7. JollyBug92

    New job as NA

    Yes! I'm a charge nurse, and I can't tell you the number of nursing students who come through our doors to work at nurses' aides, health care aides, personal support workers, etc. Most of them are great workers, but they always have "nurse brain" where they are concerned about far more than they need to be! I love them to pieces though. Ms. Lemon gives excellent advice here. It will be overwhelming at first because you haven't found your routine and everything is new. Once you learn to multitask and work efficiently, things do get easier. When you're new, you have to learn everyone's names, their routines, the facility, and the system they document on. It's overwhelming! The good news is, it won't always be this way. Congrats and happy working!
  8. JollyBug92

    February 2019 Caption Contest: Win $100!

    Forty years Nurse Moses wandered the unit in search of a room which was rumoured to flow with coffee and donuts. One the eve of his retirement, he finally glimpsed the Promised Land.
  9. JollyBug92

    Will I get in trouble?

    Yep. You can get in deep trouble for that. You violated HIPPA by accessing your friend's chart! Yes, you accessed yourself but it is your own record and as long as you didn't change anything on said record, you are not in violation. As for accessing information on your friend, that is a violation of HIPPA. Whether the friend had called in or not, the hospital does audits on patient charts all the time. Don't be surprised if you get called in! Her chart has likely been flagged for audit since she was not admitted to your facility, or likely anywhere else when you accessed the chart, and she had no reason to have her chart accessed. You may think that there is no way to prove whether or not the person called in, but please think again about that. Hospitals have records of their phone calls, and would be able to see if any incoming or outgoing phone calls were made to your extension at the time the chart was accessed. They investigate chart snooping all the time and have ways and means of finding out if you violated HIPPA by snooping. You accessed something private, but are worried only about the possibility of getting caught. What you did was wrong and shows poor judgement and ethics. How would you feel if a doctor or someone you work with accessed your patient record without your permission?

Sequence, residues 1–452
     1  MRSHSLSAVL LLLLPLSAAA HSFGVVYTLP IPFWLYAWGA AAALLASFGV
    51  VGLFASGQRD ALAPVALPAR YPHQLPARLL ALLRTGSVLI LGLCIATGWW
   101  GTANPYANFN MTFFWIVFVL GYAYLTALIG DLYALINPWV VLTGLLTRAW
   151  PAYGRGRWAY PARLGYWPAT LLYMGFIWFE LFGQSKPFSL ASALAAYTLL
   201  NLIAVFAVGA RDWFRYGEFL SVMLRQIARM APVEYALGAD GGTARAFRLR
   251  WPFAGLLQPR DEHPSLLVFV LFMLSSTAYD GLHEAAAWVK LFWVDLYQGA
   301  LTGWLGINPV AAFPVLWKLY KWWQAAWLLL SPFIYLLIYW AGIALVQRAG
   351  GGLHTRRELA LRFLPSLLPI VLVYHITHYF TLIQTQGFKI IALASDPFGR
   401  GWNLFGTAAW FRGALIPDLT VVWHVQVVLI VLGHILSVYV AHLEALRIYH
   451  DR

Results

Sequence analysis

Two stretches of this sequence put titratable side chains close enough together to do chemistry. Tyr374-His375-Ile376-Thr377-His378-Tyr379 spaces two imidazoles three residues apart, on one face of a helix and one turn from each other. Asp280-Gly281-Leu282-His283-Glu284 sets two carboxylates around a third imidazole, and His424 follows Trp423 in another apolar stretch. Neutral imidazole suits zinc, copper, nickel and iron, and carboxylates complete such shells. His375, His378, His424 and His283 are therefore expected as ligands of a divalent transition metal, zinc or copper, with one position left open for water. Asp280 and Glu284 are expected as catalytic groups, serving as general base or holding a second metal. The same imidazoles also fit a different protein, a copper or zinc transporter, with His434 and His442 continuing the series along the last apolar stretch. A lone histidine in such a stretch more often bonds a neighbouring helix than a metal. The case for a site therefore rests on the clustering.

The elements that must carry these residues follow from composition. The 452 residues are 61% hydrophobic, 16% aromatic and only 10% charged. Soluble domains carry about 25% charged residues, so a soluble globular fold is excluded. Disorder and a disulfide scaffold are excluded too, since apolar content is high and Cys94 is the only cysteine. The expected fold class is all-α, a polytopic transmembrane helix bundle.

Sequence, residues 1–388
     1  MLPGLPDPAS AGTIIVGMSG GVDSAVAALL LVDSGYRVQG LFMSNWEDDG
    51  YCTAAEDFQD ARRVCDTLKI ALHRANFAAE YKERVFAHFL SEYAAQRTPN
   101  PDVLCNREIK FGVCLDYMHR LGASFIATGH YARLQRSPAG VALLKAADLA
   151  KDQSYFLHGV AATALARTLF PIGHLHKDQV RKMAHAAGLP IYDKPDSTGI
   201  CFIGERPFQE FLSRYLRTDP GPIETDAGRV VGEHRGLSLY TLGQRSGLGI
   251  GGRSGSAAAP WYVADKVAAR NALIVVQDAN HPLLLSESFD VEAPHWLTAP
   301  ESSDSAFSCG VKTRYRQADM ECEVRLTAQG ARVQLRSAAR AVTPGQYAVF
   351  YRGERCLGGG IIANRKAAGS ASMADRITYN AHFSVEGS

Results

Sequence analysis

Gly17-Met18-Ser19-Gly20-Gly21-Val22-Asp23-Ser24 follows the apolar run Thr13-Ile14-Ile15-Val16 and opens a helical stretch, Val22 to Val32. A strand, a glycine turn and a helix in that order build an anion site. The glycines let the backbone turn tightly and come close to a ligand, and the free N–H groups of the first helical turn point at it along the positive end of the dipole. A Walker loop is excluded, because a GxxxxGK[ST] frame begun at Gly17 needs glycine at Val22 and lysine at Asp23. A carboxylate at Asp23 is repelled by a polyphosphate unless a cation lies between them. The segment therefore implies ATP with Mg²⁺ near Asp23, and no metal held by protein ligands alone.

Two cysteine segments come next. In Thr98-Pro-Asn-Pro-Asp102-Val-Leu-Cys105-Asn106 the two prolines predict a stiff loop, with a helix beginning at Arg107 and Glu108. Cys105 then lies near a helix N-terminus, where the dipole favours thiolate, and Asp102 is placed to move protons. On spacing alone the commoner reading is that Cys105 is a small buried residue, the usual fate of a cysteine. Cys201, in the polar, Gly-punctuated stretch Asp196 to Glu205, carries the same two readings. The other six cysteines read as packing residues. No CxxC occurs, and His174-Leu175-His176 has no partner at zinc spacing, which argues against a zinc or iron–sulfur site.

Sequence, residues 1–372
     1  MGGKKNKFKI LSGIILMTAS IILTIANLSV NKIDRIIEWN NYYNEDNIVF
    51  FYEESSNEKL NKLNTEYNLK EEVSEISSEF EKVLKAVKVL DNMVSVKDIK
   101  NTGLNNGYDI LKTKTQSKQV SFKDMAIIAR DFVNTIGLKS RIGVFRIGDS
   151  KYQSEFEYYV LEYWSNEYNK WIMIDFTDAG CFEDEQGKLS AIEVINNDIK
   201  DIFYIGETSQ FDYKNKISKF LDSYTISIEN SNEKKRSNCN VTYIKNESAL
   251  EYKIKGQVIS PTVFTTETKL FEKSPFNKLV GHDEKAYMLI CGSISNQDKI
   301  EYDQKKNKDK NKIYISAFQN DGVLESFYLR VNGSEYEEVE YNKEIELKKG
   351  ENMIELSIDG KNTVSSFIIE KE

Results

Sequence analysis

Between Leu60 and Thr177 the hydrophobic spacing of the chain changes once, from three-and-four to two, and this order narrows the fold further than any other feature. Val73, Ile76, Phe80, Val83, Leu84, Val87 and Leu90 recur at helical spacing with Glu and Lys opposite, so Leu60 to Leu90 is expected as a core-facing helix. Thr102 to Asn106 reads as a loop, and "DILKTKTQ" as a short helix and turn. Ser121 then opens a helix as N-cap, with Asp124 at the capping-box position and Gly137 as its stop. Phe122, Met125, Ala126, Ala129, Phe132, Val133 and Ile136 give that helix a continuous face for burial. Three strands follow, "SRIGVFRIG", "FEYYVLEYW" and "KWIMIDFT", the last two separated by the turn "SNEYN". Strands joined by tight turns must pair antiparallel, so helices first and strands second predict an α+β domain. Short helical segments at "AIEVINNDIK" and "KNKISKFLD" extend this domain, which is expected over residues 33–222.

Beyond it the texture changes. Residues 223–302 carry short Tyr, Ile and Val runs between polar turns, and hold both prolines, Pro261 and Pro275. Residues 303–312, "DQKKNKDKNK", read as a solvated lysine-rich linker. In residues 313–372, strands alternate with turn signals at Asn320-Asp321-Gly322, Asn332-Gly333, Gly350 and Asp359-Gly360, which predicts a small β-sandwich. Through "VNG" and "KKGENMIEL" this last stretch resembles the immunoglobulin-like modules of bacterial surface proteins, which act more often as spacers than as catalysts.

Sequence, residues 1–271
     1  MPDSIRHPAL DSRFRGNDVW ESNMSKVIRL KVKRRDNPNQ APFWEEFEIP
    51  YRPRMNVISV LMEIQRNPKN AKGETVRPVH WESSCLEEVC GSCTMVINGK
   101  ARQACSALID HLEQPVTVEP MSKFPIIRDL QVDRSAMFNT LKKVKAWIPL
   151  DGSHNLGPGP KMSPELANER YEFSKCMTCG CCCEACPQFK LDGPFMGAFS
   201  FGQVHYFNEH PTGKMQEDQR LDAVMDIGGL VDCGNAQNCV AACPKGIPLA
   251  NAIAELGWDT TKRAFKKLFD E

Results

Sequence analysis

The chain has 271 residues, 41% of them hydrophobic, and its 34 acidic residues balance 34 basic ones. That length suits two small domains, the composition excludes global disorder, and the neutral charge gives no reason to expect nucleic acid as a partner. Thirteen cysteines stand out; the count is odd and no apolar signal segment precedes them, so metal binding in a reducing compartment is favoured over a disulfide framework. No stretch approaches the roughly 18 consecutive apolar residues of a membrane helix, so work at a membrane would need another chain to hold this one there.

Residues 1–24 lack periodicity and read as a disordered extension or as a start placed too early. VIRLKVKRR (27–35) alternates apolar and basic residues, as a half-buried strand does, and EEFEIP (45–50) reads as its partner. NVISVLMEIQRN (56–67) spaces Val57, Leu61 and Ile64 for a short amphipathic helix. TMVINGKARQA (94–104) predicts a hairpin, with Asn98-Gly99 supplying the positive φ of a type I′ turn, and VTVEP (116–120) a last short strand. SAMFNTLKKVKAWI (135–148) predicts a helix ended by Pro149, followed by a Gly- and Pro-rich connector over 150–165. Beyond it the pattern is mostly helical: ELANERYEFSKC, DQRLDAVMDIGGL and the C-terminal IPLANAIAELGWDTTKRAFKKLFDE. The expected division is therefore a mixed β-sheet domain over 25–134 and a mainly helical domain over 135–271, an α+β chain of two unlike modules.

10. We've all heard "DON'T SAY THE Q WORD!" lest ye be cursed with a shift full of mishaps. What's the funniest, strangest, or maybe most true nursing superstition you've ever heard? Here's mine: Open the window to let the spirits out! When one of our patients has just died (or is on the way out), we crack open the window in the room to let the spirit out.
  11. JollyBug92

    Don't Say The "Q" word!

    The two most important things nursing in an extended care facility has taught me: 1. Never say the Q word. Don't think the Q word. 2. If it's a full moon, be wary. Be prepared to find at least one patient covered head to toe in the brown stuff. It's not pudding or chocolate either. Case in point: I was leaving work tonight, the night before the full moon. One of the nurses goes, "It sure is quiet 'round here, JollyBug!" I didn't have a chance to respond because at that moment, one of the personal support workers peeks her head out of a room and whispers to me, "Send the nurse down. Mr. B is playing in his poop again and Mr. A in the bed beside him just urinated all over the floor." The nurse could have killed me when I said, "Don't ever say the Q word. This is what happens when you say the Q word."